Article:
More than 70 health care policy experts will gather at Schloss Leopoldskron this week to examine strategies for providing better behavioral and mental health care.  In partnership with the Dartmouth Center for Health Care Delivery Science, “New Paradigms for Behavioral and Mental Health Care” will explore innovative approaches to fighting mental and substance use disorders—the leading causes of years lost to disability worldwide.
Even though wealthy countries lead the global mental health movement, they still exhibit systemic issues in providing treatment. Many patients face exorbitant costs, and individuals’ preferences and local culture are often disregarded and decisions come from government or industry experts.
Meanwhile, developing nations have vital opportunities to learn from Western health care systems and to avoid their pitfalls.
Program Director John Lotherington said the “New Paradigms” session will heavily emphasize empowering patients and communities through a shared decision-making approach. With shared decision-making, doctors and patients rigorously scrutinize available treatment options together and use all available evidence about treatments and their consequences.
“People often hear the phrase ‘shared decision-making’ and they think that it simply means that doctors are being nice,” Lotherington said. “But it’s a lot more than that. It means that all the options are explained and the patient and doctor reach a treatment plan together.”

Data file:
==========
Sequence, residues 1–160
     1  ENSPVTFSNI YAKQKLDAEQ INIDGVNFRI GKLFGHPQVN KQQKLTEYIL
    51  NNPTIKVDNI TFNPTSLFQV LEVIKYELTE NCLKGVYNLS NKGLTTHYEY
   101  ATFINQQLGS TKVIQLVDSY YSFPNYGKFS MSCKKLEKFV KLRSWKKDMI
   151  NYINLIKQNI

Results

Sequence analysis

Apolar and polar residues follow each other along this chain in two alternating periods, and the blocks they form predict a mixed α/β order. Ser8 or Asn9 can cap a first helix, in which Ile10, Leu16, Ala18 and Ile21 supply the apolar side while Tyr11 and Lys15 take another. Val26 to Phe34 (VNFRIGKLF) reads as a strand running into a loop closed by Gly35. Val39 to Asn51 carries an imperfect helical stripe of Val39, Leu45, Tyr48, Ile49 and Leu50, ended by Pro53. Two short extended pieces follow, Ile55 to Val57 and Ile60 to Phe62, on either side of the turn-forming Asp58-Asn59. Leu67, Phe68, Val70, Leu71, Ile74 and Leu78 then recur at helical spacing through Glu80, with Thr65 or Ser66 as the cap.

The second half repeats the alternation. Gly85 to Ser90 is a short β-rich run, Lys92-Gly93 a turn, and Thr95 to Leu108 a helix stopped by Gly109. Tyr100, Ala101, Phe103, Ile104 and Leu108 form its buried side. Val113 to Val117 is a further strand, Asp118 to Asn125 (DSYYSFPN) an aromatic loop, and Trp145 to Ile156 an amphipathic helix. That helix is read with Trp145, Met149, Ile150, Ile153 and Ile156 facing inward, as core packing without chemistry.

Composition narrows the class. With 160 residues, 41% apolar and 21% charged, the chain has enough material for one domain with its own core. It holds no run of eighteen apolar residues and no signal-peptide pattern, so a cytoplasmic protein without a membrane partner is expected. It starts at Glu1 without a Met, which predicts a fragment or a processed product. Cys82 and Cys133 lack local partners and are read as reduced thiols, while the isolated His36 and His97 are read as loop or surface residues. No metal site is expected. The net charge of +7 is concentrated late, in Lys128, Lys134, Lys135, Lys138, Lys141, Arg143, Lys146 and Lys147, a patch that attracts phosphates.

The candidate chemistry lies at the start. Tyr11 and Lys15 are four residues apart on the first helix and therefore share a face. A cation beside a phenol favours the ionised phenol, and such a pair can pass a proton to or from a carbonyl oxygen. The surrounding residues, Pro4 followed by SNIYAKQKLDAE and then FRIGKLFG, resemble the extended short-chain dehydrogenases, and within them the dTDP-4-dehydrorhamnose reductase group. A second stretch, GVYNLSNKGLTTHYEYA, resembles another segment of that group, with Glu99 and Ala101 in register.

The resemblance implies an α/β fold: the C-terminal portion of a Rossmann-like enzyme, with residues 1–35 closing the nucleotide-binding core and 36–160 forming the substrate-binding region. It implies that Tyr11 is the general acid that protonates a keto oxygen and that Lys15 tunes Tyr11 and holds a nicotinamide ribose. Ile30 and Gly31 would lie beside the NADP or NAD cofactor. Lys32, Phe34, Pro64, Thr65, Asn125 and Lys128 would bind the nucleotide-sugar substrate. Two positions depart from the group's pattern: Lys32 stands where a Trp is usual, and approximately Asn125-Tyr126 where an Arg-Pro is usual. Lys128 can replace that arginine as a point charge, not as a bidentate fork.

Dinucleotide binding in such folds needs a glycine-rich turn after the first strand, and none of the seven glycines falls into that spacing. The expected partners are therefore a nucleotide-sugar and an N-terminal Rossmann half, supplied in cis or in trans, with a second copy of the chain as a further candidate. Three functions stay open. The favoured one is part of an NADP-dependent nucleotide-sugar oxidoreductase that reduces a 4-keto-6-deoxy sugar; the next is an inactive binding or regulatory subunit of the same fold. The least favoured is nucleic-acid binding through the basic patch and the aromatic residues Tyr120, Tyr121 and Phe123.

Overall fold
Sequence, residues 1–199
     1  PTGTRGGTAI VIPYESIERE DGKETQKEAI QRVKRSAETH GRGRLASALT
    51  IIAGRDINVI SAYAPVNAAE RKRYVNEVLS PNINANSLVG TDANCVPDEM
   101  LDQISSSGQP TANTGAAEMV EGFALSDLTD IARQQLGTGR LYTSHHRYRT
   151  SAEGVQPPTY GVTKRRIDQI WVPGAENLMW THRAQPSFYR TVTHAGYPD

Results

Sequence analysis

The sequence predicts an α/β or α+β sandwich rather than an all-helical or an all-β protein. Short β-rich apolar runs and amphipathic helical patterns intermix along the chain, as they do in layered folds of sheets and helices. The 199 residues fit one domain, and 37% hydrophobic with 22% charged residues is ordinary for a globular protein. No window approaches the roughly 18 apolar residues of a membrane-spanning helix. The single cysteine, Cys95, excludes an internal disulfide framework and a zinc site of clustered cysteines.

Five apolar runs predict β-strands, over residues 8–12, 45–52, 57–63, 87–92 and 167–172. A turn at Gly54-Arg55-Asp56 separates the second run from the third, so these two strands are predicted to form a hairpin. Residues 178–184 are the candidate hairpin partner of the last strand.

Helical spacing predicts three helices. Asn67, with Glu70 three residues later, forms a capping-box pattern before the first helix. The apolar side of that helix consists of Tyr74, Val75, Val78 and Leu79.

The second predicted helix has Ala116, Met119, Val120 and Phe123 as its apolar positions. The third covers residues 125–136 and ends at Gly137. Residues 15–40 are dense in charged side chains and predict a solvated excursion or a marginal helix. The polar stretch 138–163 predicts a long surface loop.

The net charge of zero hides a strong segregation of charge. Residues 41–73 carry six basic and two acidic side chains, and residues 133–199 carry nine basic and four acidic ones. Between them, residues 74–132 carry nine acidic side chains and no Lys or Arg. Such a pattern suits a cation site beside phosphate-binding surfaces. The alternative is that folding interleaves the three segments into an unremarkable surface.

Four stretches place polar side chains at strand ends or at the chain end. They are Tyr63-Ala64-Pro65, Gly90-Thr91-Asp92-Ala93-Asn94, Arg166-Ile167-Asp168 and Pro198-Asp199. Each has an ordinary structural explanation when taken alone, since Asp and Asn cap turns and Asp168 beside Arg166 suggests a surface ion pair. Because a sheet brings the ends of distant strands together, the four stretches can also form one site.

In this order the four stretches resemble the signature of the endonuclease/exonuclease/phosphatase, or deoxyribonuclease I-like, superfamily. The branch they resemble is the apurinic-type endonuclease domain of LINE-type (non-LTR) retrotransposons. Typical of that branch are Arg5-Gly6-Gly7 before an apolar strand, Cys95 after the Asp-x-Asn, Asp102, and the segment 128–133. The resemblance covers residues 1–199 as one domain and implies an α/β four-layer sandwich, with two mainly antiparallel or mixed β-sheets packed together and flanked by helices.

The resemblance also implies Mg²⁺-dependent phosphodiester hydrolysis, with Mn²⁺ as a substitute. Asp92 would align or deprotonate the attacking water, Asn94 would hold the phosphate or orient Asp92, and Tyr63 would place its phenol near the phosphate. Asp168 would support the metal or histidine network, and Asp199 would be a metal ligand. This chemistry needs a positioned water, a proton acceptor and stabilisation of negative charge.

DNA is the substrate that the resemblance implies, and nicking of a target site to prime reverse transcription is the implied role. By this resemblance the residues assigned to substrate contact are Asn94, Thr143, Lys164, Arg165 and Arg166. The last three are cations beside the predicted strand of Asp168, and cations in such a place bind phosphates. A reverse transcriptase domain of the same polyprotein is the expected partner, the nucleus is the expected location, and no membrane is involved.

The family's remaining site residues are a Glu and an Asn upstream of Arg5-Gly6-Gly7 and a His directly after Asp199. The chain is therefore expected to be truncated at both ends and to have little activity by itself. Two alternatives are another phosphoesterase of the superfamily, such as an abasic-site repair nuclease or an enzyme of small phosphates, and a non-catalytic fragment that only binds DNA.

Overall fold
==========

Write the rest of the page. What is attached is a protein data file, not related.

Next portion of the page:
“New Paradigms” marks the seventh session in Salzburg Global’s “Health and Health Care Innovation in the 21st Century” series, which since 2010 has crystallized new approaches to solving health care challenges for present and future generations. Past sessions have focused on the right to health, innovation in health care delivery, and improving health care in developing economies.
“Salzburg Statements”— the comprehensive reports from past Health and Health Care Innovation sessions—have been presented at conferences and in venues around the world, including at the House of Commons in London, the World Health Assembly in Geneva, and the ISQua African Regional Meeting in Accra.
The upcoming session October 7-12 gathers policy experts from five continents, including Fellows from Peru, Columbia, Rwanda, Uganda, Ghana, India, Germany, the UK, China, South Korea and Balkan countries. Some U.S. representatives come from Native American communities, which Lotherington said will add a fresh and important perspective to the discussions.
The first half of the session will revolve around plenary discussions presented through an interview format. Fellows will then participate in a “knowledge café,” an exercise of “intellectual speed dating” where they’ll be placed in three intimate discussions that cover a variety of topics, such as health care in post-conflict countries and depression management.